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The Victorian Funeral

At the death of Anthony Chuzzlewit Mr. Mould, the undertaker, provides the customary 19th century funeral which Dickens mocks in many of his novels. Paid mourners and mutes (most likely drunks) follow the hearse feigning grief for the departed. Those in attendance were provided black ribbons, gloves, and scarves. Black feathers adorned the horses and hearse.

At Anthony's funeral the only person to feel honest emotion for the departed, Mr Chuffey, is rebuked by the other 'mourners'.
Dickens' will directed that 'those attending my funeral wear no scarf, cloak, black bow, long hat-band, or other such revolting absurdity'.

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Dickens' life during the serialization of Martin Chuzzlewit
Jan 1843 - Jul 1844

Dickens' age: 30-32

January 1843

December 1843

A Christmas Carol published

January 1844

Son Francis Jeffrey (Frank) Dickens born

June 1844

A falling out with publishers Chapman and Hall, brewing since A Christmas Carol wasn't as profitable as he hoped, Dickens moves to new publishers Bradbury and Evans.

July 1844

After finishing Martin Chuzzlewit Dickens and family travel to Genoa, Italy for nearly a year.


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Martin Chuzzlewit

Martin Chuzzlewit - Published in monthly parts Jan 1843 - July 1844
Read it online | Shop for the Book | Shop for the Video | Illustrations | Locations

Illustration by Phiz Dickens sixth novel, written after taking a year off during which he visited America for the first time, was less than enthusiastically received. The novel deals with the greed of Old Martin's relatives, chiefly Mr. Pecksniff, hoping to inherit his wealth.

In the sixth installment, hoping to fend off lagging sales, Dickens has young Martin Chuzzlewit, the old man's grandson, go off to America. Dickens goes on to vent some of his ill feelings for the former colony he recently visited, American audiences were outraged.

In preparing installments of Martin Chuzzlewit Dickens began developing a design for the entire novel in advance of the monthly numbers. This represents a change from his early novels and is further developed in his next novel, Dombey and Son.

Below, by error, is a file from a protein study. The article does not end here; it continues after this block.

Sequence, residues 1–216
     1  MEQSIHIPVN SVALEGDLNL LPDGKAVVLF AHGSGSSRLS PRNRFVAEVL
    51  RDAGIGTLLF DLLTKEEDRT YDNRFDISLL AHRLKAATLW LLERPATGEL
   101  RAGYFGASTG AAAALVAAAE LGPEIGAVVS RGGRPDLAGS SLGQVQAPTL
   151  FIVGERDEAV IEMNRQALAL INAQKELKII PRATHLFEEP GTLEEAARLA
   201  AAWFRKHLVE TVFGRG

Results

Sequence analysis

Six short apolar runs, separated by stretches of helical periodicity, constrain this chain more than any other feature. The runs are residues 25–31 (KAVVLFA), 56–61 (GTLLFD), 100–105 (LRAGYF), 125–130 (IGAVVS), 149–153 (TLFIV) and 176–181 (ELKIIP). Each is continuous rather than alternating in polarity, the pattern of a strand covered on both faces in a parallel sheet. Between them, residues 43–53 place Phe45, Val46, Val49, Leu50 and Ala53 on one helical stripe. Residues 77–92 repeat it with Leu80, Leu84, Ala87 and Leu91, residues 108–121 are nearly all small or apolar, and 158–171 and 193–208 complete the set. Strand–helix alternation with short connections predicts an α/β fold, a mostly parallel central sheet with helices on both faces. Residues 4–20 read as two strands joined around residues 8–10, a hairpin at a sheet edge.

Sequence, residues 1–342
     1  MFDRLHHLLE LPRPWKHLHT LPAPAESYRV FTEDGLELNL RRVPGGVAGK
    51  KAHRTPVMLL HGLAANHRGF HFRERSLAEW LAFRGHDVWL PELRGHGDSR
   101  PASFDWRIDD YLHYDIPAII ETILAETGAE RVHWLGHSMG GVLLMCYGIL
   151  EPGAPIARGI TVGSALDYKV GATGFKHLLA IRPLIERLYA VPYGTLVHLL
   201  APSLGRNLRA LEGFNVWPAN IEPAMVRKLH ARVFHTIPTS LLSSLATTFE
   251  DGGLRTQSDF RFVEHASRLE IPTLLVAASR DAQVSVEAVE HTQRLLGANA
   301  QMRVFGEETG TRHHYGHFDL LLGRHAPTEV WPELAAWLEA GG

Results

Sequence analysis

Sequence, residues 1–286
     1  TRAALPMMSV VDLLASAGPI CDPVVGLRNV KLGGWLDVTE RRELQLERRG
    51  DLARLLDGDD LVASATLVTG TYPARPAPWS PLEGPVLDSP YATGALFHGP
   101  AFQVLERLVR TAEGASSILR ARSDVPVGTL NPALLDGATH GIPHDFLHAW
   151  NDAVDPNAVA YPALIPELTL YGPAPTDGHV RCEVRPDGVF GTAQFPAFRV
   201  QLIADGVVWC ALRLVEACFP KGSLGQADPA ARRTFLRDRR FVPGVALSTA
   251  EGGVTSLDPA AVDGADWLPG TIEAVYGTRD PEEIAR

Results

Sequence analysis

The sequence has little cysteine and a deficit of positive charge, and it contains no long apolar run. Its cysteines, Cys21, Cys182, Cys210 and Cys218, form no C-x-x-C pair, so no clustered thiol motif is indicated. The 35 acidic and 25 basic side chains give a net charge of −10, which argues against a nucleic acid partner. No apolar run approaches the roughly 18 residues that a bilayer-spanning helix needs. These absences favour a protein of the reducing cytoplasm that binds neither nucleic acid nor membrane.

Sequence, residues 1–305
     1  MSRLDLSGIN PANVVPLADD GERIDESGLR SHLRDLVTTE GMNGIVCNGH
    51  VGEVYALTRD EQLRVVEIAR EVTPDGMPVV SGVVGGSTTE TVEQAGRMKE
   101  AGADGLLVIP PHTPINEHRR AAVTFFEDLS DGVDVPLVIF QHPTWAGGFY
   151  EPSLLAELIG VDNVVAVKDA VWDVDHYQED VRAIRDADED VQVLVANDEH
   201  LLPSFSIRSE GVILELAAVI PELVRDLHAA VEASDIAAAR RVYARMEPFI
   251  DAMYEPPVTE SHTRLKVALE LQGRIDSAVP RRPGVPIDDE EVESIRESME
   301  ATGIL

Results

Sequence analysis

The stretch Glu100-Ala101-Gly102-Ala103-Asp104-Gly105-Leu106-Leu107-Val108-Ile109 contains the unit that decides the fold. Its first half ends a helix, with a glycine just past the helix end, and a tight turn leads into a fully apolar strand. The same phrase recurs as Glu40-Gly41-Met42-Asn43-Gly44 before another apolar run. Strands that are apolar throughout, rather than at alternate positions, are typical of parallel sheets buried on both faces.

During the writing of Martin Chuzzlewit, and sales of the monthly parts disappointingly low, Dickens was experiencing financial difficulty. He had borrowed from his publishers for his American trip in 1842 and his wife Kate was expecting their fifth child. He responded by planning a small book for the Christmas season of 1843 which followed the theme of greed he was writing in Martin Chuzzlewit. The result was the classic A Christmas Carol, published in December 1843.

Principal Characters:
Character descriptions contain spoilers
Old Martin Chuzzlewit
Martin Chuzzlewit
Spottletoe (Mr and Mrs)
Seth Pecksniff
Mercy (Merry) Pecksniff
Charity (Cherry) Pecksniff
Tom Pinch
Ruth Pinch
John Westlock
Mary Graham
Anthony Chuzzlewit
Chuffey
Jonas Chuzzlewit
Montigue Tigg (Tigg Montigue)
Chevy Slyme
David Crimple
Dr Jobling
Nadgett
Lewsome
Sairey Gamp
Mrs Harris
Betsy Prig
Paul (Poll) Sweedlepipe
Mr Mould
Mark Tapley
Mrs Lupin
Mrs Todgers
Bailey (Benjamin)
Mr Jinkins
Mr Fips
Martin Chuzzlewit Links:
The Dickens Page
The Victorian Web
Bartleby.com
Hidden London - Martin Chuzzlewit
Wikipedia

American Characters

During Dickens trip to America in 1842 he is amazed at the American practice of bestowing honorary military titles. Thus many of the characters Mark and Martin meet in America sport these bogus titles.

Dickens paints most of the American characters as tobacco chewing buffoons who place gain above honor.

Mr Bevan
Colonel Diver
Jefferson Brick
General Fladdock
Major Pawkins
Captain Kedgick
Zephaniah Scadder
General Cyrus Choke
Hannibal Chollop
Elijah Pogram
Mrs Hominy
Norris family


Meet Mrs Gamp
Mrs Gamp

Even among the bizarre cast of characters in Dickens, Mrs Gamp is a piece of work. She is a nurse of sorts whose specialty lies in the polar extremities of life, the lying in and the laying out.



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